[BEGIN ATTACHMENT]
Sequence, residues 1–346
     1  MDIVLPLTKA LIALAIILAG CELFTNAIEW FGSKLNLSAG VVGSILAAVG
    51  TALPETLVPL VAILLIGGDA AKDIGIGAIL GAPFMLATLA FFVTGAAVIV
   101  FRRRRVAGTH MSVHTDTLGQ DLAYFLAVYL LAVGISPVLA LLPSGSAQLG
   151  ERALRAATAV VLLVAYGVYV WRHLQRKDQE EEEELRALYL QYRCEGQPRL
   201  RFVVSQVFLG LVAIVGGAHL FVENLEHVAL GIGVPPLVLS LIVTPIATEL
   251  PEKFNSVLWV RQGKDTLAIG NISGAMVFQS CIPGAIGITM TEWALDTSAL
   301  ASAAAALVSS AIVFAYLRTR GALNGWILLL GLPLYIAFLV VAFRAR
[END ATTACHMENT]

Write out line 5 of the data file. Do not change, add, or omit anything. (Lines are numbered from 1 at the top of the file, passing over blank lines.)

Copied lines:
   151  ERALRAATAV VLLVAYGVYV WRHLQRKDQE EEEELRALYL QYRCEGQPRL